Intro: Designing a Finger Jointed Box for Laser Cutting
This is a basic step by step laser cutting guide detailing how to make a simple Perspex Box and is meant to serve as an introduction to using a Laser Cutter.
Sometimes, the best way to house a project is a simple box. There are some great online tools to help you design your box, but for the sake of doing it all in one place, we chose to use a free program to design ours.
Once you've gone through the pain of the software setup in this guide, creating the boxes is quick and simple. This method gives you a lot more options than using an online box creator. It also contains far fewer steps, once installing the software is not a factor. This guide was produced on a Windows PC.
You Will Need:
- A computer with internet connection.
- A 3mm Perspex Sheet to cut the box from.
- Access to a Laser Cutter.
Step 1: Installing Inkscape:
For this resource, we are going to use Inkscape. This is a free and open source vector graphics program that will allow us to export our box design as a DXF file. In order to create our box, we will need to install an Inkscape plugin. This plugin will do the CAD for us, we just need to input the dimensions of our box and the plugin will do the rest. The plugin requires that you have python installed, as detailed below.
Go to the Inkscape website and download and install the program.
Step 2: Installing Python:
The plugin in step three requires Python to be installed on your machine. If you already have Python installed, you can skip this step. Also, if you are unsure if you have Python installed or not, you can open up a Windows Command Prompt and type python and press enter. If you have Python installed and in your PATH, you should get something resembling the image above.
Download Python and follow the installation instructions, both can be found here.
Step 3: Installing the Plugin:
The plugin that we will use to create our box is called TabbedBoxMaker. The plugin is open source and can be downloaded from the Github.
- Visit the Github page.
- Click on the green button labelled 'Clone or download' and select 'Download ZIP'.
- Unzip the folder and transfer the three files (boxmaker.inx, boxmaker.py and schroffmaker.inx) to the Inscape extensions folder.
The path on this PC is: C:\Program Files\Inkscape\share\extensions
Now we've got everything installed, let's design our box.
Step 4: Open Inkscape and the Plugin:
Open Inkscape. In the 'Extensions' menu, you will find a submenu called 'Laser Tools'. Select 'Tabbed Box Maker' and the plugin will open.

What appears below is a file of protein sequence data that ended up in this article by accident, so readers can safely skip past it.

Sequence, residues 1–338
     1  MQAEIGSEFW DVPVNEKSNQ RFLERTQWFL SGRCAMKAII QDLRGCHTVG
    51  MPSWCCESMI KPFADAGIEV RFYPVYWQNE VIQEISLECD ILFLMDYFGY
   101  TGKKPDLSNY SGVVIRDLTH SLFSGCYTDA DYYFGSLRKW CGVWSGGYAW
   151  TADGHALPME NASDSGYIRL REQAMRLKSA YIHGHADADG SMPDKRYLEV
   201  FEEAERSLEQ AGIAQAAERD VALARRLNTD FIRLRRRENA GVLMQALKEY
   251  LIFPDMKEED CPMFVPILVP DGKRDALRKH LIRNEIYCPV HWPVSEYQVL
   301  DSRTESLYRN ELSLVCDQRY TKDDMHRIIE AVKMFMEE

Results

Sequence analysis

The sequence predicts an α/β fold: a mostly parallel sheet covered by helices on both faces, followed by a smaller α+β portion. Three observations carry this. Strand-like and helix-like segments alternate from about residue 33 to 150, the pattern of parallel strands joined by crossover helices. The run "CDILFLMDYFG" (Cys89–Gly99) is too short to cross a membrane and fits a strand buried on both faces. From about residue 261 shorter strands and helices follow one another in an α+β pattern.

Step 5: Entering the Box Dimensions:
For the purposes of this resource, we are going to create a simple box with no lid and no internal compartments. You can see the values we chose in the image below. This gave us a 3mm x 100mm x 50mm x 50mm box, with no dividers and no finger joints around the top. Before moving to the next step, I dragged a square over the jointless lid and deleted it.
Step 6: Adjusting the Page Orientation to Enclose Our Box Design:
Once you've selected your box dimensions and clicked apply, you might find that your box doesn't fit in the work area properly. Fortunately, this is easy to fix.
- Click and drag the mouse cursor over the entire box to select it.
- Click the File menu and select 'Document Properties'.
- Then select 'Resize page to content...'.
- Click the button labelled; 'Resize page to drawing or selection'.
Our box design is now complete. We now need to save the design in a format that can be read by our Laser Cutters software.
Step 7: Exporting to DXF:
Inkscape can export to a number of different formats. As we use Lasercut 5.3 software with our lasers, we need to export our design as a DXF file.
- In the File menu select 'Save As'.
- Select 'Desktop Cutting Plotter (AutoCAD DXF R14)(.dxf)' from the list.
- Name your file and select a memorable location to save your file to.
You are now ready to either take your file to your local Hackspace or import it directly into laser cutter software.
Step 8: Importing the DXF File, Selecting the Speed, and Selecting Power Settings:
After importing (File, Import) the file into our laser cutter software, we need to adjust some settings.
- Place your sheet of perspex into your laser cutter.
- Ensure that your laser is the correct height above the material. (Refer to your lasers documentation and/or our guide to using a laser cutter).
- To the top right of the above image are our speed and power settings. We chose a speed of 10 and power of 70. These settings are appropriate for this laser cutter, your settings may vary.
- Once you are happy with your settings, download the job to your laser cutter.
Step 9: Laser Cutting the Box:
- Align the laser to a suitable starting position on your material. On our setup, this is the top right of the material.
- If there is a 'Test' button on your laser, use it to ensure that the laser won't overrun the perspex.
- When you are happy that everything is as it should be, close the lid and hit the start control.
When the laser cutter is finished, you should have a finger jointed perspex box that fits together perfectly. All that is left to do is to glue your box together.